ATRI report reveals running a trucking company is becoming more expensive

November 5, 2019

Tyson Fisher


How much does it cost to operate a trucking company? The American Transportation Research Institute attempts to answer that question in its latest Operational Costs of Trucking report.

On Monday, Nov. 4, ATRI released its annual report detailing the costs of trucking operations. The short story: Running a trucking company was more expensive in 2018 compared with the previous year.

According to the report, all measurements analyzed increased last year except one category: tires. However, tire costs only remained stagnant. Below is a breakdown of the marginal costs in 2018, both per mile and per hour.

  • Fuel costs: 43.3 cents per mile mile, $17.07 per hour (18% increase).
  • Truck/trailer payments: 26.5 cents per mile, $10.45 per hour (less than 1% increase).
  • Repair/maintenance: 17.1 cents per mile, $6.72 per hour (2% increase).
  • Insurance premiums: 8.4 cents per mile, $3.32 per hour (12% increase).
  • Permits/licenses: 2.4 cents per mile, 95 cents per hour (4% increase).
  • Tires: 3.8 cents per mile, $1.50 per hour (unchanged).
  • Tolls: 3 cents per mile, $1.17 per hour (11% increase).
  • Driver wages: 59.6 cents per mile, $23.50 per hour (7% increase).
  • Driver benefits: 18 cents per mile, $7.10 per hour (5% increase).

Accounting for all items, the total cost of operations in 2018 was $1.821 per mile or $71.78 per hour, a nearly 8% increase from 2017. Last year’s operational costs are the highest since at least 2010. The largest increases came with diesel prices, insurance premiums, toll rates and driver wages.

Driver wages/benefits (43%) and fuel costs (24%) accounted for more than two-thirds of total costs.

Driver pay

By sector, specialized operations experienced the largest costs at $2.02 per mile. Truckload operations spent a low of $1.71 per mile and less-than-a-truckload operations were in the middle at $1.90 per mile. Higher spending in permits led to higher costs for specialized operations.

In terms of driver compensation, LTL drivers received the most compensation at 94.7 cents per mile. ATRI attributes the higher compensation to higher demand for drivers. Specialized drivers received 77.8 cents per mile, while truckload carriers reported a low 68.2 cents per mile.

Despite the industry experiencing a major retention/turnover crisis, annual changes in bonuses do not seem to reflect the problem. Regarding bonus pay, starting bonuses increased nearly 12% to $1,562. However, retention bonuses dropped significantly from $836 to $672, a nearly 20% drop. Safety bonuses also decreased to $1,238, 6% less than 2017.

Larger carriers have cost advantage

In several categories the large carriers have a more advantageous position when it comes to operation costs.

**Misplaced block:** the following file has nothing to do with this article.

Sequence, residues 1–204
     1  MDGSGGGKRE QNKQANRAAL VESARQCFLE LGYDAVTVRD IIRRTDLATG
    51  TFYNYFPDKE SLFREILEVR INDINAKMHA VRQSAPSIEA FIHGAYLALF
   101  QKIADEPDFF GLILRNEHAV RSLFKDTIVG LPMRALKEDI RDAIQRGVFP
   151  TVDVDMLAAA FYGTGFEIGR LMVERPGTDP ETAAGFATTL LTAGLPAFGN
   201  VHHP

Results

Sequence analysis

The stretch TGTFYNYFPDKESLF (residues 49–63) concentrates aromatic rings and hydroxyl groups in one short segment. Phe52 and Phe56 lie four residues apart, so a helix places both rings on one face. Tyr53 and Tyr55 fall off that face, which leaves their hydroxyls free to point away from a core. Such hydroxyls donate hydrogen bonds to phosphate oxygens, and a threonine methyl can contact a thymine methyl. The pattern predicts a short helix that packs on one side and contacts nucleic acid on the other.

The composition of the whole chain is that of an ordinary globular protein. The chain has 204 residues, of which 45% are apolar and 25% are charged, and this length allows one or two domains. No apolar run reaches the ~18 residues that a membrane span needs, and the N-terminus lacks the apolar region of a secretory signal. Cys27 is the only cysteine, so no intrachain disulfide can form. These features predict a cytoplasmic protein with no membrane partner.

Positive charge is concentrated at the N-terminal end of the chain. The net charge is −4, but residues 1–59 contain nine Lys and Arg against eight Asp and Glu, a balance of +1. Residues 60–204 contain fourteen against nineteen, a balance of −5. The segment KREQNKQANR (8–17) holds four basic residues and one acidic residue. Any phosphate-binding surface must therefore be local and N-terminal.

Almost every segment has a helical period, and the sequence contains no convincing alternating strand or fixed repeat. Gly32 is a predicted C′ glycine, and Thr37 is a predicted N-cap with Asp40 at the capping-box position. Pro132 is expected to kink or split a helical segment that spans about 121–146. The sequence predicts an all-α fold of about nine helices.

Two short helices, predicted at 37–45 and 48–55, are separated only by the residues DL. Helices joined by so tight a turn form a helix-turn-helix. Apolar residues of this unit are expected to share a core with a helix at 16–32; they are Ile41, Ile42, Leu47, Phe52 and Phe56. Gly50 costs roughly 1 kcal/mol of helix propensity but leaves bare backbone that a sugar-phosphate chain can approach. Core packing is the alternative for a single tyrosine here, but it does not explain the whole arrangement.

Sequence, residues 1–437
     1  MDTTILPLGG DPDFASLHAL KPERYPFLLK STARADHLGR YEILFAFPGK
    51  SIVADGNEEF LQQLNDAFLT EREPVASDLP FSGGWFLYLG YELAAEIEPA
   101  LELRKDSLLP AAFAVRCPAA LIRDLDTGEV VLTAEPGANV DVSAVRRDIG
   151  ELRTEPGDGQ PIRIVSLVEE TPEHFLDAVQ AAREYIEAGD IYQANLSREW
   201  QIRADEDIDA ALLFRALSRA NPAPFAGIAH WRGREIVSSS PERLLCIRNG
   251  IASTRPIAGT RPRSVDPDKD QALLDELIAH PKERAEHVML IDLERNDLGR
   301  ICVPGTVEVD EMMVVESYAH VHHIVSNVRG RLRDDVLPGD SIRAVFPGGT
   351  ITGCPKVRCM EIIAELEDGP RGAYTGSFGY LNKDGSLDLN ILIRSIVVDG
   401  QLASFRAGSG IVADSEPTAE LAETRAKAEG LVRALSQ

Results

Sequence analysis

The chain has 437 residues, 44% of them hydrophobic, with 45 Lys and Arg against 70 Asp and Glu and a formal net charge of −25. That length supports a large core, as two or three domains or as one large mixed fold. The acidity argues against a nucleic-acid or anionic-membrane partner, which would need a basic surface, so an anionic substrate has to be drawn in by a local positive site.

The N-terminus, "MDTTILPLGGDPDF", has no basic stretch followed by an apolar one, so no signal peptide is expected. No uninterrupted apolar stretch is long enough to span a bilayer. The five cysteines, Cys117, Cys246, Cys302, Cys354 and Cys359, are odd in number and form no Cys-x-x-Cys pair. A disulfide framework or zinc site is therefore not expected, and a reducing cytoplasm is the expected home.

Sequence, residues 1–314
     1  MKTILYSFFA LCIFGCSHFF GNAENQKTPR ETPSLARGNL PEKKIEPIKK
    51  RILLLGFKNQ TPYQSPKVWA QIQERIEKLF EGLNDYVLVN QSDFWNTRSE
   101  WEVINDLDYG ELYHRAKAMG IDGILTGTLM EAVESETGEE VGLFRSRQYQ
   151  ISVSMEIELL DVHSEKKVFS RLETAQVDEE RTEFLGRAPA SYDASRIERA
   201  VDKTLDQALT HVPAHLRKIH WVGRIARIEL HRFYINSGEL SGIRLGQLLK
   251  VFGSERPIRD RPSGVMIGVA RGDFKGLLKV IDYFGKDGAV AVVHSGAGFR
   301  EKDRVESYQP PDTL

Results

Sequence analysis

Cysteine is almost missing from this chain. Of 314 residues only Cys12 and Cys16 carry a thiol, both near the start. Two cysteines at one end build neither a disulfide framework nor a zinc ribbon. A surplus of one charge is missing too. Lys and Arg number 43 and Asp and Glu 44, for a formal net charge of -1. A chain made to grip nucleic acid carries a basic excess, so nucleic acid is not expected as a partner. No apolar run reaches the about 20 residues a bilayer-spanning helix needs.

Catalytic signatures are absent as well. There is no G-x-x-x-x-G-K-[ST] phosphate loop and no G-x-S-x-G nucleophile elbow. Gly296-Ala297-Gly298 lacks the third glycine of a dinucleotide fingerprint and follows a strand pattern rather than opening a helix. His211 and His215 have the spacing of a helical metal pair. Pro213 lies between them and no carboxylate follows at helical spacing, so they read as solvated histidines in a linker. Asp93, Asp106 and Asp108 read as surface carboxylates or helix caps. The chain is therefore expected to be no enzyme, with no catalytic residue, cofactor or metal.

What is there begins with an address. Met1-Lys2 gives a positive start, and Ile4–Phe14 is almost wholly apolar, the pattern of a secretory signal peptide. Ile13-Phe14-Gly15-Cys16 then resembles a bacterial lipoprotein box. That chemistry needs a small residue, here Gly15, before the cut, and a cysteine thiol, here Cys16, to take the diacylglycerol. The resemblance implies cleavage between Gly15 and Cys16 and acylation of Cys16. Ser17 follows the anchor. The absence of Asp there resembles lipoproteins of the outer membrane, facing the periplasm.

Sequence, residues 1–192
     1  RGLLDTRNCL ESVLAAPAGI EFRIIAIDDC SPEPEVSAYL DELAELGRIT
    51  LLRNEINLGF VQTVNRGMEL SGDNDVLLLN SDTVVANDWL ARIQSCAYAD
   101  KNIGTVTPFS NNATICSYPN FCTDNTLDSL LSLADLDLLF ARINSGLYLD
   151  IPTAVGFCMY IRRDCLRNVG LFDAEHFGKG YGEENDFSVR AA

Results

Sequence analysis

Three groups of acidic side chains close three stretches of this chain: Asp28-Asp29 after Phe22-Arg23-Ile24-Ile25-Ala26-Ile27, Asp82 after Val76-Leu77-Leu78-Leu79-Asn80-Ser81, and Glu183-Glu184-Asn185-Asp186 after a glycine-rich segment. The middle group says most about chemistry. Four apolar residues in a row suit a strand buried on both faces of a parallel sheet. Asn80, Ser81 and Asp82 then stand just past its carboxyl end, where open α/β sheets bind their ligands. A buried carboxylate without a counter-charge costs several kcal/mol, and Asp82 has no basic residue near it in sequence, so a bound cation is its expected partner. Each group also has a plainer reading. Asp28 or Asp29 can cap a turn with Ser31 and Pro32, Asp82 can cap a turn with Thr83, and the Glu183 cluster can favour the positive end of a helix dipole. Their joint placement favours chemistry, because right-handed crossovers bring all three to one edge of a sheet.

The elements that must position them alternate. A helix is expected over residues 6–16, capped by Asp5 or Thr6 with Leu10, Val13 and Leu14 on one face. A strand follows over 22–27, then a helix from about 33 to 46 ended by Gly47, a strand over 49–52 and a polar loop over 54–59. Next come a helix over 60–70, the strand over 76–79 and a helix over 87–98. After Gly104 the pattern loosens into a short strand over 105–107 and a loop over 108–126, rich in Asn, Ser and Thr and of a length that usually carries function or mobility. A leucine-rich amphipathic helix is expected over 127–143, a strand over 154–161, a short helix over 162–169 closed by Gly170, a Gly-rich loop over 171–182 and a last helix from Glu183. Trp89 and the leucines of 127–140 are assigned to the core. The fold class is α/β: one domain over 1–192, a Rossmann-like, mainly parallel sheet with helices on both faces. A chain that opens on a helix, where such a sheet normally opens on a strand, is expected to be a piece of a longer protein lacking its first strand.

Regarding fuel costs, diesel prices began rising in 2017 after hitting the lowest prices in more than a decade, continuing through 2018. As ATRI points out, small and medium-sized carriers are hit the hardest as they typically are not in a position to hedge prices or participate in large-volume pricing discounts at truck stops. Carriers with less than five power units paid 50.6 cents per mile for fuel. Conversely, those with more than 1,000 power units paid a low 39.1 cents per mile.

The same trend is seen in repair and maintenance costs. Small fleets paid 22.5 cents per mile in repairs while large carriers only paid $0.142 per mile. ATRI surmises this is due to smaller fleets owning older equipment compared with larger fleets. Also, larger fleets may have in-house technicians for maintenance and repairs.

Even insurance premiums are higher for smaller carriers. Those with fewer than five power units pay 16.5 cents per mile for insurance premiums. That number steadily decreases the larger the fleet, with the largest fleets paying less than 5 cents per mile. Possible explanations for the discrepancies include smaller fleets unable to increase financial risk and larger fleets able to pay higher deductible or are self-insured.

Cost of ELDs

Last year was also the first year that carriers were required to have an electronic logging device or automatic on-board recording device. Consequently, initial setup combined with recurring service costs added to expenditures.

According to the report, ELD per unit fees are $757.81, plus an additional $37.32 per month for subscription fees. AOBRDs are more expensive at $960.97 per unit and a monthly subscription fee of $39.32. ATRI attributes lower ELD costs to greater competition among many ELD providers compared with a smaller number of companies offering AOBRDs.

Only 31% of respondents in ATRI’s report had an ELD in 2018, with 67% using an AOBRD. The number of ELDs will likely increase in next year’s report as other surveys have indicated the majority of fleets adopted ELDs by the third quarter of this year, according to ATRI. Furthermore, the operational costs for ELDs will likely be even higher for the 2020 report since AOBRDs must be replaced with ELDs by Dec. 16, 2019.


Editor’s note: A previous version suggested lower insurance premiums for smaller fleets. ATRI updated its report that indicates the opposite is true. The story has been corrected to reflect those changes.

Tyson Fisher

Tyson Fisher joined Land Line Magazine in March 2014. An award-winning journalist and tireless researcher, his news reports, features and blogs bring depth to our editorial content, backed with solid detail. Tyson is a lifelong Kansas Citian.